Easy DIY Chicken Brooder Box
We’re getting our first chickens this spring (!!) and over the next few weeks I’ll be sharing our experiences along the way. Be sure to subscribe via RSS or email to keep up with our latest posts!
Chicken brooder boxes come in all shapes and sizes. They can be small and simple as a cardboard box or kiddie-pool, or a large, complex custom-build. For our booder box, these were my concerns:
- Sturdy. With curious pets and kids in the house, I wanted something more sturdy than a cardboard box.
- Safe. Again, the pets (specifically our cat, Stuart) was my main concern. I wanted to make sure the baby chiks would be safe from any “investigating” he might want to do.
- Easy & inexpensive to build. I’m relatively handy, but I’m no builder. I wanted something I could build quickly and easily with the basic tools I have on hand.
So here’s what I came up with…
- 50-gallon Sterilite tote ($16, WalMart)
- Chicken wire, 25′ roll
- Plastic zip ties
- Cordless drill (I have a Black & Decker like this one, part of their 20V system.)
- 1/4″ drill bit
- Jig saw
- Wire cutters
How to Build Your Brooder Box
1. First we’ll cut away the hole in the lid for the chicken wire: Using your cordless drill and 1/4″ drill bit, drill a hole near the corner of the lid, about 3″ or 4″ in from the edge. This will be the pilot hole for your saw blade.
2. Using your jig saw, insert the blade into the hole you just drilled, then cut out the center section of the lid, leaving a 3-4″ border around the rim of the lid to keep rigidity.
3. Next, drill holes around the perimeter of the hole you just cut. You want to make them close enough to the edge that the zip ties will work, but not so close to the edge that they crack and break through.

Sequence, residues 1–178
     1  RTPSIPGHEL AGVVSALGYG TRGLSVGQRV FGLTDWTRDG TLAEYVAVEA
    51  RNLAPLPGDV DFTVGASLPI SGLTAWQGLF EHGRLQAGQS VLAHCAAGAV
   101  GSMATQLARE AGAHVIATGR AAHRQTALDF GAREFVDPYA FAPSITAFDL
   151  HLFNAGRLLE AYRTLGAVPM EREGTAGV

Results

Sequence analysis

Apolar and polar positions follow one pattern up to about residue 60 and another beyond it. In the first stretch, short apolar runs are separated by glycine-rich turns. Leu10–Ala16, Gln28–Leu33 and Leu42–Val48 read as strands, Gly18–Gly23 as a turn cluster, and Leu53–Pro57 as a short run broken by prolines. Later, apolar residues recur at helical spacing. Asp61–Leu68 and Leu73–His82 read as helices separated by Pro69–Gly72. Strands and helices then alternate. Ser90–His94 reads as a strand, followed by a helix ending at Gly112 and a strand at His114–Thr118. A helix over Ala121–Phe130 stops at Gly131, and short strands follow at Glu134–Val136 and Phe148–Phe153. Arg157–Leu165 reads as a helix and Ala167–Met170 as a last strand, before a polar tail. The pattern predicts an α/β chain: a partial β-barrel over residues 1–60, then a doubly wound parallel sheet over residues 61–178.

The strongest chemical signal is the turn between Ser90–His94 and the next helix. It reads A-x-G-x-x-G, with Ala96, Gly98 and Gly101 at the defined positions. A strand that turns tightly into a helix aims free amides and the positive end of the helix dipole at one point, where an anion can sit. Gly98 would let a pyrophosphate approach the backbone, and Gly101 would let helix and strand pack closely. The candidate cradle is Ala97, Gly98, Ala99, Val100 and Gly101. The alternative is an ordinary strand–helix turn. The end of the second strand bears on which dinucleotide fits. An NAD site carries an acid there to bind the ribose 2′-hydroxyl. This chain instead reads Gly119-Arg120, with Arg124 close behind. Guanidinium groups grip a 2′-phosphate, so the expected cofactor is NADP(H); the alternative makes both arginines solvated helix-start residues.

4. Flip your lid upside down and unroll your chicken wire on top of it. Use your wire cutters (I actually borrowed Mike’s guitar string cutter tool) to trim the chicken wire to size. Thread zip ties through the holes drilled in the lid and use them to secure the chicken wire in place.
5. Once the chicken wire is secured, you can trim the zip ties so they don’t hang down into the brooder.
6. Release your toddler (and/or pets) for testing…
Hooray! It’s Myles-approved!
Amanda lives with her family on a little red farmstead in northwestern Pennsylvania. By day she's a web developer specializing in WordPress and in her off time she enjoys working with goats and other livestock on the farm, canning, knitting, and crocheting.
I love it! Easy and cost effective! But, where are you going to put the light/heat lamp? Thanks!
Hi Sandra! I actually have a post scheduled next week for the solution that I came up with for the heat lamp! Depending on where you have your brooder set up, you could hang the lamp from an “L” bracket attached to the wall or from the ceiling above it. I have seen photos where others placed the heat lamp directly on the chicken wire lid or clamped to the side of the box itself, but I didn’t feel safe with that solution. The option we decided on was to build a really simple stand to hang the heat lamp from. I’m planning on posting the details for how we did it next Thursday! 🙂
Are you sure that is a 50 ~gallon~ tote? I looked and all the 50g are nearly $60!
…the 50 ~quart~ is cheap though.
Yes, it is this 50 gallon one — http://www.walmart.com/ip/Sterilite-50-Gallon-200-Quart-Storage-Box-Set-of-4/15940602
The price is $63.88 but that’s for FOUR of them. So if you divide it out, that’s $15.97 each, which is about what I paid.
Be sure to put marbles in the water trough so small chicks drown. Just for the first 2 weeks or so